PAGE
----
September 9, 2011
U.S. and Canadian medical schools devoted, on average, just five hours in their entire curriculum to teaching content related to lesbian, gay, bisexual, and transgender patients, according to a survey of the schools' deans.
Nine percent of the 132 deans who fully completed the web-based survey said their school devoted zero hours to LGBT topics during students' preclinical years, while one-third reported spending zero hours on these issues during the years students work with patients. More than one-quarter of the deans said their school's coverage of 16 related topics -- including sex-change surgery, mental health issues, and HIV/AIDS -- was "poor" or "very poor."
In 97 percent of the schools, future physicians are taught to ask patients whether they "have sex with men, women or both." The overall curriculum, however, lacked the depth of instruction needed to help "students carry that conversation as far as it needs to go," said lead author Dr. Juno Obedin-Maliver of the University of California-San Francisco.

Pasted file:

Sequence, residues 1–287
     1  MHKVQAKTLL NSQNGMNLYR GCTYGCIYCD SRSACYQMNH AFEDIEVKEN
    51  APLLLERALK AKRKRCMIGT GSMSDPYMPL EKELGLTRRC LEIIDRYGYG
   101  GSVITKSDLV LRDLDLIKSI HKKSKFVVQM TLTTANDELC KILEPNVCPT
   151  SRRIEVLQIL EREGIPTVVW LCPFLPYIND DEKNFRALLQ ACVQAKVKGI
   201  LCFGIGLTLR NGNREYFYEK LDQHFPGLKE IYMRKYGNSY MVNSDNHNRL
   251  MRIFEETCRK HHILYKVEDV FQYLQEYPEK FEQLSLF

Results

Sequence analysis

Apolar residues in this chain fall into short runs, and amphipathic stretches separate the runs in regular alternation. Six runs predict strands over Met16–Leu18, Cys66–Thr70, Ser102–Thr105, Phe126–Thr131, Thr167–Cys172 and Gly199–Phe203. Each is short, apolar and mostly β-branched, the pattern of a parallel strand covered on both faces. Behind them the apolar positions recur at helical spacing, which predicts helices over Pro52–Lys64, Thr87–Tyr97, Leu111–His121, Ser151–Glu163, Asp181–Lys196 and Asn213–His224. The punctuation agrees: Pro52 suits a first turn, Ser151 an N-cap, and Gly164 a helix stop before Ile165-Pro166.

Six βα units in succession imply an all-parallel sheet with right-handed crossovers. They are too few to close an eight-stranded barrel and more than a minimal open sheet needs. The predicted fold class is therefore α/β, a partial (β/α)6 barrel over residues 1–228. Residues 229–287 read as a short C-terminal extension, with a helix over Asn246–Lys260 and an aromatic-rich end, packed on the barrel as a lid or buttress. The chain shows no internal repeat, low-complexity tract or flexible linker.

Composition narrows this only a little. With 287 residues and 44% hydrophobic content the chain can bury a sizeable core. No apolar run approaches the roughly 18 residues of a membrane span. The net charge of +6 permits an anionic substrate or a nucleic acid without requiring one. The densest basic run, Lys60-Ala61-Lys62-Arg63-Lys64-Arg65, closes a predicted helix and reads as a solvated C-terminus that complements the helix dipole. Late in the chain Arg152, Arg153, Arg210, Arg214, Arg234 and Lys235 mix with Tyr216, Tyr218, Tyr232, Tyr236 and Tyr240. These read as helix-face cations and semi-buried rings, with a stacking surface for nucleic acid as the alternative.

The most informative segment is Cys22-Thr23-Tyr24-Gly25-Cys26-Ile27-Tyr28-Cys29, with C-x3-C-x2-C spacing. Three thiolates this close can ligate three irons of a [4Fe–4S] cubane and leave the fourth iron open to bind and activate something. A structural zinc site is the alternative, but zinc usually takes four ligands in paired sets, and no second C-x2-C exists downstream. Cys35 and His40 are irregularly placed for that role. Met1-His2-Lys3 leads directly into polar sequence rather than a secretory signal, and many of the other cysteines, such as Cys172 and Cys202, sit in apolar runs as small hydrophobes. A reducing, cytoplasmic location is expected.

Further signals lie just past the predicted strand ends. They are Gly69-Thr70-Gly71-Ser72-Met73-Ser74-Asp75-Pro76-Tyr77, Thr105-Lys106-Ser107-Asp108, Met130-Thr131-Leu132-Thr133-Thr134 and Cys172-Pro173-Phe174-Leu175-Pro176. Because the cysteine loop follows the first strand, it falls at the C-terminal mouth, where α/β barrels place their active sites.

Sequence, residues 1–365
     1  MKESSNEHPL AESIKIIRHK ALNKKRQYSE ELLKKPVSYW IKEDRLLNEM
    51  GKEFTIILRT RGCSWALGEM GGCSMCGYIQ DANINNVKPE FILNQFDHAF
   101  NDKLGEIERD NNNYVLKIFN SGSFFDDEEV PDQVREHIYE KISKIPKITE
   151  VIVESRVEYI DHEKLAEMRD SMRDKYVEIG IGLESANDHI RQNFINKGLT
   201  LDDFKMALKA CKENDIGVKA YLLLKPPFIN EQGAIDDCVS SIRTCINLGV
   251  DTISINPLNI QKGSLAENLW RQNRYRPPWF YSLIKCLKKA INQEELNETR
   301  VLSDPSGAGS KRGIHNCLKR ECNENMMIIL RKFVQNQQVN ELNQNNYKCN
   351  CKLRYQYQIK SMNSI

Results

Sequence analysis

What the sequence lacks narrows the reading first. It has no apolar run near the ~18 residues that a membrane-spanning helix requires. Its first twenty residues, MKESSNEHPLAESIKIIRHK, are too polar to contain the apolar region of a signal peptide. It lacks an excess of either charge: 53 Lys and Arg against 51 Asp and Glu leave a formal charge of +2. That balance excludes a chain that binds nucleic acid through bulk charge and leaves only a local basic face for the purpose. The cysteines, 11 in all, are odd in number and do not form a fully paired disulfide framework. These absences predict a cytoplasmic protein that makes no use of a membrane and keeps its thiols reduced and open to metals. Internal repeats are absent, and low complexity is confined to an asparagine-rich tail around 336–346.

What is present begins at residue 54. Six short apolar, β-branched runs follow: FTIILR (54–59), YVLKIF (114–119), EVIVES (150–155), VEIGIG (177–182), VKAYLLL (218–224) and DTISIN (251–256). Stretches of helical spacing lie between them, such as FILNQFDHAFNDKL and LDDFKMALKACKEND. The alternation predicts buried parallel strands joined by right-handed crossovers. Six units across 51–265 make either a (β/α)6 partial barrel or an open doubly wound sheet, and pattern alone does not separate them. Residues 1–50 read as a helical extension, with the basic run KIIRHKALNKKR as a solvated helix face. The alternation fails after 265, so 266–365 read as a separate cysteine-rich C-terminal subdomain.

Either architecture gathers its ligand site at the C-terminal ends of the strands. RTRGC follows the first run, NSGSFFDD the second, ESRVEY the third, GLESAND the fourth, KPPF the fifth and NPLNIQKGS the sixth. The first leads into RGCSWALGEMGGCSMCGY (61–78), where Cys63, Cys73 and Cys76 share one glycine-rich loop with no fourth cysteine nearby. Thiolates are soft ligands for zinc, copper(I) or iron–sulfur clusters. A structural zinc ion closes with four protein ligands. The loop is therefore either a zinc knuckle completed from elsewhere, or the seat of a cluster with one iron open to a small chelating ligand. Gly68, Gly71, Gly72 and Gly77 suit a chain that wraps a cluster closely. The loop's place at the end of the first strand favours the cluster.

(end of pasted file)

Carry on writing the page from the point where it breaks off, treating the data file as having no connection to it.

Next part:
"I'm an ob-gyn, and I have had lesbian patients come to me and say 'I haven't had a Pap test in 20 years because my doctors said I didn't need one,'" Obedin-Maliver said, adding that in fact, lesbians needs to undergo this screening as often as heterosexual women do.
A recent Institute of Medicine report noted there is little research to guide doctors in treating their gay and lesbian patients. It is known, however, that these patients are at increased risk of depression, suicide attempts, homelessness, and violence. Lesbians and bisexual women have higher rates of obesity and breast cancer, and they may receive less preventive care.
The study, "Lesbian, Gay, Bisexual and Transgender-Related Content in Undergraduate Medical Education," and an accompanying editorial, "Capturing Curricula," were published in the Journal of the American Medical Association (2011;306(9):971-977, and 997-998).